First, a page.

Some state officials dispute the allegation that terminal access and other freight-related needs are routinely given too low a priority in state transportation programs. They argue that on the whole the states do an appropriate job of balancing freight and passenger interests in their programs, and that this balance is politically determined and is unlikely to be altered other than by increasing the amount of funds available from the federal government, the private sector, or the port authorities. Added funds would allow some projects to advance capital programs without retarding others.
Certainly, one way to raise the priority of port access projects in state and local public works programs would be for ports to increase their contributions to highway projects that benefit them. Increased port contributions to local projects would enable local areas to capture more of the benefits of improved intermodal transportation and promote local support of projects in the national interest.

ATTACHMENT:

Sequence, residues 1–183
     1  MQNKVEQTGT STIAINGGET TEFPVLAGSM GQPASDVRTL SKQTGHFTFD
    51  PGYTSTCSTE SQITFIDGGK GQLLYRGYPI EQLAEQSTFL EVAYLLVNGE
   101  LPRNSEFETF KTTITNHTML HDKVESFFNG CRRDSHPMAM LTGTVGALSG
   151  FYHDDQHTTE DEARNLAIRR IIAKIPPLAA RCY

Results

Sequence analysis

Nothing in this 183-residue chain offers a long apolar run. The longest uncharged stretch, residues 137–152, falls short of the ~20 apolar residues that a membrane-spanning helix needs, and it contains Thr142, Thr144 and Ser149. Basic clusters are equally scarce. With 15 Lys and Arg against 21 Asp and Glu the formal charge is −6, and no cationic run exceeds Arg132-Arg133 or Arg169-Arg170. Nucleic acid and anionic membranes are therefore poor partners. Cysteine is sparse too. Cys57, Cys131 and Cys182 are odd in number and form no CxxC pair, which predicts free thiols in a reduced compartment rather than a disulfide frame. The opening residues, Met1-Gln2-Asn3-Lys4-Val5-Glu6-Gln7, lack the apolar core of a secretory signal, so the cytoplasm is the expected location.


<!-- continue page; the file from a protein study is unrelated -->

The committee lacks evidence to evaluate the contention that state and local governments systematically underinvest in infrastructure needed to improve freight efficiency because freight interests have weak voices in local politics or because federal-aid program rules deny local governments flexibility to select investments with the greatest payoffs. It is important to know whether systematic underinvestment is occurring, because it could have serious consequences for the nation’s economic performance. The necessary information to evaluate whether local spending priorities are biased against freight transportation could be obtained only through the kinds of investment analyses and follow-
up evaluations that the guidelines in Chapter 2 call for. Evaluations could be begun modestly, as a national or statewide pilot program involving a small sample of projects, to allow testing and demonstration of methods.